It’s a Wrap: SF Forum 2013, Our Best Yet
After some well deserved toasts with our staff and a few good night’s sleep, I have finally begun to digest the amazing week that we just had in San Francisco. I have had the pleasure of co-hosting Cleantech Group’s San Francisco Forum for the past three years, yet none of those previous gatherings came close to the energy and dynamism of this year’s event.
I have to admit that the turnout and enthusiasm surprised even me. This was supposed to be a year that cleantech was down and out. With venture support cooling, solar manufacturers failing, and the global economy still sputtering, this would not, on the face of it, be the best time to throw a cleantech party.
But throw a party we did; and much to our delight and sincere appreciation, you all showed up. Not only did you grab a glass of champagne, but investors announced new capital commitments, corporate dealmakers spoke openly about opportunity areas, and entrepreneurs from around the world unveiled brand new companies.
What gives? With some time to reflect, I think that there were four key drivers that really ignited this year’s Forum.
#1 – Corporate strategics get it and are playing the long game: While there are plenty of investors that have been scared away by the lack of short term returns in the sector, the world’s largest energy, industrial, and even retail companies are making bold commitments to the sector. GE, Johnson Controls, BP, Shell, Walmart, Autodesk, HP, EMC, and a long list of others not only showed up to speak, but were actively engaged in dialogue throughout the conference. These are companies assessing strategy in 5-10 year increments. They are playing the long game that resource constraints will inevitably impact their corporate bottom lines and they are getting ahead of the problem.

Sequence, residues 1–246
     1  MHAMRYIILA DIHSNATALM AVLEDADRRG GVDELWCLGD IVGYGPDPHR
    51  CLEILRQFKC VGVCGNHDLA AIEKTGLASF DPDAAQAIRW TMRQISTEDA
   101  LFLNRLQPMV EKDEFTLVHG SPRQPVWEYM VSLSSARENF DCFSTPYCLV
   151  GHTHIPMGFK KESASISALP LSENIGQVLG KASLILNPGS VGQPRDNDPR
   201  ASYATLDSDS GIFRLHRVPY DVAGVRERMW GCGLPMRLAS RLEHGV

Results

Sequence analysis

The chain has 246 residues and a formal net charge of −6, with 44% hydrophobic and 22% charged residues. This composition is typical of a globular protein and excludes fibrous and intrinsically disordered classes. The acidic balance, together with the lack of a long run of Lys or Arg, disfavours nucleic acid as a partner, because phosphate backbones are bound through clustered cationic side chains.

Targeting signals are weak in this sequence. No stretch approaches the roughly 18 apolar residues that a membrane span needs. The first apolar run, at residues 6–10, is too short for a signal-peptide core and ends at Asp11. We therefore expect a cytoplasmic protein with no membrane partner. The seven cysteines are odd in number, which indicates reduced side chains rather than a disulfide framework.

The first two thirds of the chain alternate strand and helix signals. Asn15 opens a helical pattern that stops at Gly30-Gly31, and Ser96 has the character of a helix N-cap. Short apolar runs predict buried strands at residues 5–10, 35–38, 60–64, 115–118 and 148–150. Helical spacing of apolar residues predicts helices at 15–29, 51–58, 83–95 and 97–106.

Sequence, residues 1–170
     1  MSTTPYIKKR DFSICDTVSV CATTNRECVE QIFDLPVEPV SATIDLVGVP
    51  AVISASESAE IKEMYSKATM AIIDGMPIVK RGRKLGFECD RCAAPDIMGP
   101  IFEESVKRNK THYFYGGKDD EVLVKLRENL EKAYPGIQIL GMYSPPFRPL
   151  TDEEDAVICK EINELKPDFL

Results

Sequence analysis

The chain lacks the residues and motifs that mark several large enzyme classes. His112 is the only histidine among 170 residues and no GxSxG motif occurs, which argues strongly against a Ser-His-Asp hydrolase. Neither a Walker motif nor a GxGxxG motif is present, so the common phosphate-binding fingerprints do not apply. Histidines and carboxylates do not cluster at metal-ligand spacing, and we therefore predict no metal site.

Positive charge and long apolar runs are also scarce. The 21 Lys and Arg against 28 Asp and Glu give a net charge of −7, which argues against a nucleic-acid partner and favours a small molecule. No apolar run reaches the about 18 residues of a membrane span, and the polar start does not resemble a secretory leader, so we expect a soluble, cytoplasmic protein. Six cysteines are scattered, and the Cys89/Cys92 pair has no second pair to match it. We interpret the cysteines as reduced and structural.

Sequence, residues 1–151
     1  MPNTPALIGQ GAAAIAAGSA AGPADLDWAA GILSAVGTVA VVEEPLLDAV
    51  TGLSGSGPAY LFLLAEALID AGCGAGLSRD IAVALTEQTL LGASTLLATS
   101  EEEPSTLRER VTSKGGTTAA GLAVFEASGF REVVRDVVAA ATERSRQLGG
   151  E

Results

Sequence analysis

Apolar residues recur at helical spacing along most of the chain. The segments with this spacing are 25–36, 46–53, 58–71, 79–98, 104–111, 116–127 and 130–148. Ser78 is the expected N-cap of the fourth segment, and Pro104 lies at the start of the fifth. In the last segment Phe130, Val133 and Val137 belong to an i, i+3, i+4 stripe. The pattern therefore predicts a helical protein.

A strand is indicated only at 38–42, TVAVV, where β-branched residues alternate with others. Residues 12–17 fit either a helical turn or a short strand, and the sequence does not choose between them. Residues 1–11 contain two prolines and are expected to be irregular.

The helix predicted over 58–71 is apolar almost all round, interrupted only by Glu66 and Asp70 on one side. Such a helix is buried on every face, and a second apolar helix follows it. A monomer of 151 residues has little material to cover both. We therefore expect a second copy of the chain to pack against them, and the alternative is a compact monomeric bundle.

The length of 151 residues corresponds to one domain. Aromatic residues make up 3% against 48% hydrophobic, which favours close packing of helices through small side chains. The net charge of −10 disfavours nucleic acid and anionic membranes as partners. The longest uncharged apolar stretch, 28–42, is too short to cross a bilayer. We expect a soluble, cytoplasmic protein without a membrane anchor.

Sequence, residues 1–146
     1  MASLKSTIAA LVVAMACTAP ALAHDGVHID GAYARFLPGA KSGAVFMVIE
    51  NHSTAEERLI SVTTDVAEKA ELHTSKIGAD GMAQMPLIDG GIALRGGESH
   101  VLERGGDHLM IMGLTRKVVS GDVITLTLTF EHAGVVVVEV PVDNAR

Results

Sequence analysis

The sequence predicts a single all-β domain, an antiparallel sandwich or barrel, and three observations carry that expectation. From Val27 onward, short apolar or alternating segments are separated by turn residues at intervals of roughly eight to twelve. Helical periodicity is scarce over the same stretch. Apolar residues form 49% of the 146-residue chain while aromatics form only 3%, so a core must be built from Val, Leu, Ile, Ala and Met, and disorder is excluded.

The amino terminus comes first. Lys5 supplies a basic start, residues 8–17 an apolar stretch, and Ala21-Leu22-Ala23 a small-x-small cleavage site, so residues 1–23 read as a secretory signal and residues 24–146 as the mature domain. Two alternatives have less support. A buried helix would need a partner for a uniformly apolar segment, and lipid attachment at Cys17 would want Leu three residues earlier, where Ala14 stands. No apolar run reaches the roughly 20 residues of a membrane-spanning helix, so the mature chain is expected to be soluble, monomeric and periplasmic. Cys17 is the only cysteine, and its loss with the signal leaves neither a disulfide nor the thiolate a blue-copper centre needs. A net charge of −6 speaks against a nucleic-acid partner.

#2 – The Boom Wranglers are gone: San Francisco novelist Po Bronson, who famously chronicled Silicon Valley culture during the dotcom boom, once referred to the legions of investors and executives who merely waited to latch on the next big thing as Boom Wranglers. These are the Valley’s fast followers who are not thesis driven, but are momentum driven. Some have made millions, but others have lost millions. With cleantech no longer labeled “the next big thing” by the popular press, the Boom Wranglers have moved on from the conference scene. The upside is that nearly every single attendee at this year’s Forum had a real, tangible, and enthusiastic reason to be there. It showed. The probability of worthwhile, spontaneous conversations (or “serendipitous collisions” as Tony Hsieh from Zappos would say) increased significantly with the rise in overall quality of attendees.
#3 – Hank Paulson and Facebook: Huh? What do these two have in common you ask? They both totally captivated the audience from the stage on day two. We ended the second day of our conference with about as many people packed into the auditorium as we had in there on the morning of day one. If you go to enough conferences, you’ll know this does not happen. Hank Paulson started the day by eloquently laying out his thoughts on the urgency of addressing climate change, both in the US and abroad, and his journey as a lifelong environmental champion. It is a story that is sometimes lost in the popular press, but one that people will hopefully be hearing more about through his new Institute. If Hank was the opener, Bill Wiehl from Facebook was a fabulous closer, with the audience waiting patiently to hear Bill announce the winner of our jointly hosted “Cleantech Goes Social” contest. Upstart Sunfunder beat out Yerdle and WattTime for the honor and $25K in prize money.
The fourth and final reason is a single phrase that I heard uttered by one conference attendee. “Cleantech is back”, he said simply. If I was being my typical, slightly snarky self, I might have asked “when did it leave?”, but I let the phrase linger in my brain. And in reflecting on it, it seems to capture the entire spirit of what made last week so special.
Thank you to everyone who came out. I know that we are going to do great things together in the year ahead. I can’t wait to see you back in San Francisco next year to talk about it all.